[Opinion] Who Speaks for Whom on Net Neutrality?

[Opinion] Who Speaks for Whom on Net Neutrality?

When a populist revolt gets underway, it is tempting to praise activists who stand up for the “little guy” and make sure the “voice of the people” is heard in the corridors of power. Just don’t forget to step away from the frenzy to ask who is being defended and why.


Comedian John Oliver recently encouraged his viewers to flood the Federal Communications Commission with comments opposing imminent changes to “net neutrality” rules. Actually, he did more than encourage them. He whipped them up. Dubbing his call to arms “Go FCC Yourself,” he cast the rules change as the empowerment of a handful of big companies to decide what we can see on our screens and a mortal threat to our freedom. Not surprisingly, millions of comments were filed—or so it seemed.

More shocking was the tone of many of the comments. Many filers decided making ethnic slurs and threatening comments to FCC Chairman Ajit Pai, an Indian-American—a man of color—and his family, which includes young children, would be more effective than laying out informed views on what the new rules would mean for accessing websites and other content over the internet. Ironically, too many of these crusaders for the free flow of information will do whatever is needed—even justifying the use of hateful slurs—to muzzle those who oppose them.

One of the groups that strongly opposes the rules change is Color of Change, a source of my stories for many years as the nation’s largest online racial justice organization. Color of Change pushes corporations and government to create “a more human and less hostile world for black people in America.” The group’s executive director, Rashad Robinson, said what the FCC has planned will “devastate black communities” and vowed to fight.

Normally, I would agree 100% with Color of Change as they’ve been a reliable source of information and a black press ally in the struggle for many years. But, on this issue—largely due to this season in which other racial issues appear more pressing—I’ve stepped back to take a closer look.

There are strong arguments on both sides on how FCC plans will impact African American communities. I agree that this is an issue that must be dealt with. But, my question is, in a year in which, as black people, we face devastating issues on every hand, at what cost should we fight this one?

  • While the median income for an African American household is still $35,000—only 66% of the national average of $53,000—should we be focused on net neutrality as a priority?
  • As African Americans are rejected for mortgages at more than twice the rate of whites, is that issue worth sacrificing to debate net neutrality rules?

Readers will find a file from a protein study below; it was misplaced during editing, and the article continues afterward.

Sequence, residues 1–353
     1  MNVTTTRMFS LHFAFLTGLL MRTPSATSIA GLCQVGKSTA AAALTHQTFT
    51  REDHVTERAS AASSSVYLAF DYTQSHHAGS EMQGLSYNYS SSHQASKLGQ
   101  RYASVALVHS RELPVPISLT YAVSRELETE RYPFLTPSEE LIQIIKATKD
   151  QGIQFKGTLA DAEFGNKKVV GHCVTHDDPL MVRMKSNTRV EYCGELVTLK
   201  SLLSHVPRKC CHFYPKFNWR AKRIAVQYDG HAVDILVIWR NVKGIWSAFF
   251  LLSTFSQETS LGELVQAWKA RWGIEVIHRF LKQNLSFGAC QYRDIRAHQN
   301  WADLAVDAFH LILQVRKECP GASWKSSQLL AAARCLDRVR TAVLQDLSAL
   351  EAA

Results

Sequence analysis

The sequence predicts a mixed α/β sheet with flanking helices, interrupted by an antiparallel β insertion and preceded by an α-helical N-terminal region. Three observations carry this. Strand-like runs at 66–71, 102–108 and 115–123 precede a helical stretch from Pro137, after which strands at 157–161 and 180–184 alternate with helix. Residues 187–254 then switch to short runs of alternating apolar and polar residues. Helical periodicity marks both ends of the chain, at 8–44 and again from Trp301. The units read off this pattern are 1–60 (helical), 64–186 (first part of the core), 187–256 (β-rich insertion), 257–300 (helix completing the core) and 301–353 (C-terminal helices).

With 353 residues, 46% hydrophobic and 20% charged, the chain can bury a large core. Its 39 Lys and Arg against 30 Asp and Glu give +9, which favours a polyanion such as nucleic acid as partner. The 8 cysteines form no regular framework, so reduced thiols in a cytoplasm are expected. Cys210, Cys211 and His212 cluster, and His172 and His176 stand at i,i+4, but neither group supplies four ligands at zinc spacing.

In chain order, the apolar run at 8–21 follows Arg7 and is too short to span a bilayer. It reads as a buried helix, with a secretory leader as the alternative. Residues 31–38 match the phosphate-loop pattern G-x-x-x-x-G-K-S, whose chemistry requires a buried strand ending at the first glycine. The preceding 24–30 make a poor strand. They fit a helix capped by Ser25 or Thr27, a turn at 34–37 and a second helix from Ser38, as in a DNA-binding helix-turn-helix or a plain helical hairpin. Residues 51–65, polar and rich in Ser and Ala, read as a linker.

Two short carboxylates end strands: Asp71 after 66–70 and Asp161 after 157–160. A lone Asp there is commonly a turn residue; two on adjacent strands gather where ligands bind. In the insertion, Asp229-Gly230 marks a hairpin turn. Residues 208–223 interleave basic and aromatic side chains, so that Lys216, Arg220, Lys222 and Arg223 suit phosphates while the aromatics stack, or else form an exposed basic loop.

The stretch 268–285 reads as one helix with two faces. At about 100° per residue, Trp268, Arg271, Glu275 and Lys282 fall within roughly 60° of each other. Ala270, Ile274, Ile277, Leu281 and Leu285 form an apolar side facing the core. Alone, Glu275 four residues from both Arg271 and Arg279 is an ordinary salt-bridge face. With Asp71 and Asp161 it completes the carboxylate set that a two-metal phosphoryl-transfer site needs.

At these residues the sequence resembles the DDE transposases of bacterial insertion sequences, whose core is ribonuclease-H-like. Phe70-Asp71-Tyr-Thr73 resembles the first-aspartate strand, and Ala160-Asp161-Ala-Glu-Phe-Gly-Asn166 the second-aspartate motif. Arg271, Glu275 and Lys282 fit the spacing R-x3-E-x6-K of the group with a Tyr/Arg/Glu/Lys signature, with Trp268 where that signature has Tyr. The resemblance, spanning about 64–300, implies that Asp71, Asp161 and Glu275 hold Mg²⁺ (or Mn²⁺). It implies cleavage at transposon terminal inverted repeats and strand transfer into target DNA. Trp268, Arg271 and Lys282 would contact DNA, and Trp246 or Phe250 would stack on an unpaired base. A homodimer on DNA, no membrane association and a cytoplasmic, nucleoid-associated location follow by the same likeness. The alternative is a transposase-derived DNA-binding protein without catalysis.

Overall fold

• How about the homicide and police misconduct rates in black communities—yet another issue related to economic disparities. Does net neutrality rank over these?

Color of Change has a history of weighing in on internet policy issues. For example, when Congressional Black Caucus members opposed new regulations on the internet that would stifle investment, Color of Change organized a petition that said, “Your actions threaten both the black voice … and the moral authority of the Congressional Black Caucus as an advocate for black America.”

I respect passionate advocacy to fight racism, and I’ve actually given my entire career to this mission. But Color of Change’s approach on the net neutrality issue leaves much to scrutinize.

It is not easy to fully understand the pace and complexity of change in the digital world and telecommunications. But I do know that companies’ positions are based on a string of calculations related to business models, the availability of broadband connections, pricing differences from one market to another, programming preferences, and other issues.

Absolutely, there must be attention to how decisions based on these issues affect disadvantaged communities, including African Americans. But when we fight a racial issue, our motives must be based on racial justice; not on the ideological views of major contributors.

For example, Color of Change’s parent organization, Citizen Engagement Laboratory, has received at least $400,000 in funding from George Soros’s Open Society Institute. The financier and liberal activist and affiliated organizations, such as Public Knowledge, believe that government is the preferred arbiter of the flow of internet content. While Soros and others are entitled to feel strongly about internet rules, connecting the FCC’s position with racial injustice is a significant leap. In other words, why can’t African American consumers conclude that the change might help internet service providers innovate and provide even better service?

Let me be clear. I am not saying it’s not an important issue to our community. It’s just the method of advocacy by Color of Change on this issue that gave me pause. It seems the organization should provide all the technical and legal information they can to back up their position. I simply disagree in the draping of the issue in racial justice and presuming to speak for all African Americans when some of our communities have literally burned to the ground because of more critical issues that have not been funded.


The views and opinions expressed in this article are solely those of the original author and do not necessarily represent the views of Black Enterprise.